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Win some, lose some: Motorola 1, patent troll 1

Jury backs Intellectual Ventures on one of two infringement claims against Moto's phones

Motorola Mobility got some bad news and good news on Wednesday when a US jury found it ripped off an Intellectual Ventures-owned technology patent although denied a second infringement claim.

The panel of peers, sitting in a federal court in Delaware, ruled that a range of Moto smartphones in 2011 infringed US patent 7,810,144 ("file transfer system for direct transfer between computers"), but did not infringe patent 7,409,450 ("TCP/IP packet-centric wireless point-to-multi-point transmission system architecture").

Patent-hoarding biz Intellectual Ventures accused Motorola Mobility of using the technology in about a dozen handset models without permission as part of its ongoing war against Lenovo-owned Moto.

The '144 patent describes a process in which files are uploaded, authenticated by a third party to check the identity of the sender, and then passed on to other devices. The blueprints were filed in 2009 and approved by US Patent Office officials in 2010.

Patent 144 diagram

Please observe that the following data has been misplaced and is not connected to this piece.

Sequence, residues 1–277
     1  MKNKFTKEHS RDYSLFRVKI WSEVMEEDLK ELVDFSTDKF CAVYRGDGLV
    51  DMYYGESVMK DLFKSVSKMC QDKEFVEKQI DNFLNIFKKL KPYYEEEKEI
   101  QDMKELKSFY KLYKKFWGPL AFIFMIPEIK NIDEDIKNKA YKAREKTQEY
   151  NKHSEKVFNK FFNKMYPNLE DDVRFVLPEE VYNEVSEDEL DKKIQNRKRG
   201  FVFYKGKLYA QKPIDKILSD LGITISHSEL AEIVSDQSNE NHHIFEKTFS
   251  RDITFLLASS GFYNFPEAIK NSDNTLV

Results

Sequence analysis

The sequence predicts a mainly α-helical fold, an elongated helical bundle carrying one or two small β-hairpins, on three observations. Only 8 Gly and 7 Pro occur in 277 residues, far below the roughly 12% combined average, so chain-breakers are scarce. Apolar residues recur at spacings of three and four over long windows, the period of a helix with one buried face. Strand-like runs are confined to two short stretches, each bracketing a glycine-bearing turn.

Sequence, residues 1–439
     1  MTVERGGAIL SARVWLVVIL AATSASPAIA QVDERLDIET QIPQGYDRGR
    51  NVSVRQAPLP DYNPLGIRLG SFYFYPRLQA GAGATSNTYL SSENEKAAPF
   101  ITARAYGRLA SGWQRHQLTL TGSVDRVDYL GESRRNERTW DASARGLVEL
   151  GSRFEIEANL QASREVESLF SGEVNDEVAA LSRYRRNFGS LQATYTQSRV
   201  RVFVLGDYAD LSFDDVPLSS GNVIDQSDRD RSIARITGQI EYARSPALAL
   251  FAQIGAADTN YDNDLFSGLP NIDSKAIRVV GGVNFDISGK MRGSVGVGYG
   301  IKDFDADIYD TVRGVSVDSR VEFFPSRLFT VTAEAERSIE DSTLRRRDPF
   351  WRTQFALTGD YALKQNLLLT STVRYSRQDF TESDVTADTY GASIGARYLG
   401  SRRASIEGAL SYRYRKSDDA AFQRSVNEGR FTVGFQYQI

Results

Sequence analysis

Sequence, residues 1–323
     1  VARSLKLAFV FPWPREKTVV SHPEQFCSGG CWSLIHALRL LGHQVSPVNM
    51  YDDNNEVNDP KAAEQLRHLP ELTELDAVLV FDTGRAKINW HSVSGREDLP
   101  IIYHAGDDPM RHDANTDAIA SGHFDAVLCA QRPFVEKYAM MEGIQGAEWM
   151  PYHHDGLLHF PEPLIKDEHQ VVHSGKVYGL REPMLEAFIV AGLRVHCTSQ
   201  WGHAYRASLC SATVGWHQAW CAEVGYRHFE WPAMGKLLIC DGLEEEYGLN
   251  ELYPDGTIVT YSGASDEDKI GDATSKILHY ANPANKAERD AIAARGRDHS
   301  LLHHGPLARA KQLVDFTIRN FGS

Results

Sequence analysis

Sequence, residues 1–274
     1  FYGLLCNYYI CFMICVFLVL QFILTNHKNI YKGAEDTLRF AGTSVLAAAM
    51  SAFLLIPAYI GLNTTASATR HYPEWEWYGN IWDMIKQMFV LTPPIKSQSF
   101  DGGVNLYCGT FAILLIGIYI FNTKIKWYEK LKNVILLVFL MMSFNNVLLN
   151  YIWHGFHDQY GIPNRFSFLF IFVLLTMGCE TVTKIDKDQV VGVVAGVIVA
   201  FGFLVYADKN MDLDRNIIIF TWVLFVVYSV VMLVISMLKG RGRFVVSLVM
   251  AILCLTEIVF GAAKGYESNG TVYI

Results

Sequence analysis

Patent '144 ... Does that sound vague? This handy diagram will explain the whole thing.

Chicago-based Moto was not found to be in violation of a second patent claim, the '450 patent that describes the use of TCP/IP to move packets of data between wireless base station points. This design was filed in 2005, approved in 2008, and assigned to IP holding company Van Drebbel Mariner LLC.

"In one embodiment," the patent reads, "a system comprises a wireless MAC layer mediating local retransmission of lost packets without signaling TCP lost packets and without altering TCP transmission speed, the MAC layer also scheduling packet transmissions across a wireless medium employed by a wireless network."

The jury ruled [PDF] that Motorola had shown the Intellectual Ventures claim to be invalid as the patent itself was too obvious an idea to any seasoned engineer.

patent 450 diagram

Patent '450 ... The jury said this was too obvious? Color us shocked.

No ruling has been issued on what, if any, damages Motorola will have to pay for the lone infringement finding. ®

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